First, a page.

What did I leave out? Share your must-have BYOD tools in the comments so that we can learn together.

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Sergio's picture

Excellent compilation of tools, I didn't know some of them so thanks!
I'm looking for a tool that allows to make annotations on top of a video (without been the author) i.e. You are watching a very interesting Youtube video and on the second minute you would like to add a link that expands the information of the video. The result will be a new url with the unchanged original video and a content layer on top of that.
Anyone knows if exists something like this?

Eric Patnoudes's picture

What I like most about this list is that it notes educational outcomes before the tools. Too many times, we put the cat before the horse with edtech I.e. this app is really cool, how do I use it in my class? Without sound pedagogy, technology is a gimmicky attempt to increase motivation and engagement.

John Fitsioris's picture
John Fitsioris
Problem Solver, Math Curriculum Developer, Math Educator, Presenter

Well said, Eric! It's important for teachers and educators to speak up on this matter and for businesses to listen to this message. Thanks for sharing a great post, Vicki:)

Shabu Ans's picture
Shabu Ans
Making the Learning process more efficient !

I think too much emphasis has been given to just taking notes. While its important, what is also important is how to extract notes from the various electronic documents that students read/review in a manner which allows them to summarize what they study. Just annotations on the electronic documents in such cases wont suffice as the student has to go back to that document to see what he has jotted down.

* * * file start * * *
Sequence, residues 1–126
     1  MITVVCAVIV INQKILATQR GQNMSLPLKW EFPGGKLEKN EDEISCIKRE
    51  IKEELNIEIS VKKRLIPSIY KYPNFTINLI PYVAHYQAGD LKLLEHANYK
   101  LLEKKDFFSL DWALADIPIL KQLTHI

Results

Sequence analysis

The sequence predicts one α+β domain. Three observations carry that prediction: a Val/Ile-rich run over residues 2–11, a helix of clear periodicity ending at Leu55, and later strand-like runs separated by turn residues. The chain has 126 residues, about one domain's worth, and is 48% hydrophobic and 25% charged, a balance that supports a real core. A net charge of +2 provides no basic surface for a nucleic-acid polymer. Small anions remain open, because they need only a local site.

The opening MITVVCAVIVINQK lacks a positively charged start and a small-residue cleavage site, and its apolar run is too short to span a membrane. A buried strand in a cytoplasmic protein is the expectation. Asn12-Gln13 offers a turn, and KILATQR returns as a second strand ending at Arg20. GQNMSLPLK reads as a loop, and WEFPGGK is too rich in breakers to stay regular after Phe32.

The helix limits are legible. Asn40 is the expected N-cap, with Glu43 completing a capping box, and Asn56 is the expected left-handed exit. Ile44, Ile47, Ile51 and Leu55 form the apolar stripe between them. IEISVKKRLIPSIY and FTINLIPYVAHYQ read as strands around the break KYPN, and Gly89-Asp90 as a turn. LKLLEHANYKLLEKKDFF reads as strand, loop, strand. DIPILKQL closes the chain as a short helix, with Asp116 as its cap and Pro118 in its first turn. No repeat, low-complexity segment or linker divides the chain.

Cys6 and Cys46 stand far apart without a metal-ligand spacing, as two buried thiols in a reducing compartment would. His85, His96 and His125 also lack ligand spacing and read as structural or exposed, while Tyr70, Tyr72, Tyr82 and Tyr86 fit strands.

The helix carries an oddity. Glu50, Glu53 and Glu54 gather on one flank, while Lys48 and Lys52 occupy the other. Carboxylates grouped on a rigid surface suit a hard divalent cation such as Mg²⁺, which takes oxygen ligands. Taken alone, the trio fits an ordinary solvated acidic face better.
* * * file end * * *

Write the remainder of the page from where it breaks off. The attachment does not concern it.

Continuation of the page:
Taking that step ahead - wont it be great to convert all these notes (which is basically the summary of all what needs to be retained in the memory) into easily usable flash cards without having to go through the tedious process of typing each one of them manually.

This is what we wanted to achieve through Synopsis - @getsynopsis.

Kelli Rasmussen's picture
Kelli Rasmussen
4th grade teacher from Minnesota

In my school at the grade level I teach, we do not have BYOD or 1:1. We do have iPad carts that we can sign out for a period of time to use in class only. I have tried a few of the apps above, but of those listed, which do you think would work best in my situation. I am trying to add in more inquiry based projects using technology.

Erikpennekamp's picture

I am very happy using EDpuzzle. QA integrated in screencastomatic filmsprovides provides usefull feedback for students and teachers

Gallagher_Tech's picture

Content sharing: Nearpod, this is a must have/use tool to make lessons interactive.

Digital posters: S'more and Tackk

John McCann's picture
John McCann
Parent and Technology Specialist

Excellent list Vicki - eCoach is a content-sharing platform for teachers that offers cloud-syncing, built in graphic (and learning) design, and can be used to collate and share media and resources from around the the web (or existing lesson material). It also has simple sharing features that make ideal for BYOD, field trips or taking quizzes on the go. It's also free for the next months! See - For those not using Google Classroom, Google Forms is also another great (free alternative) assessment aid - see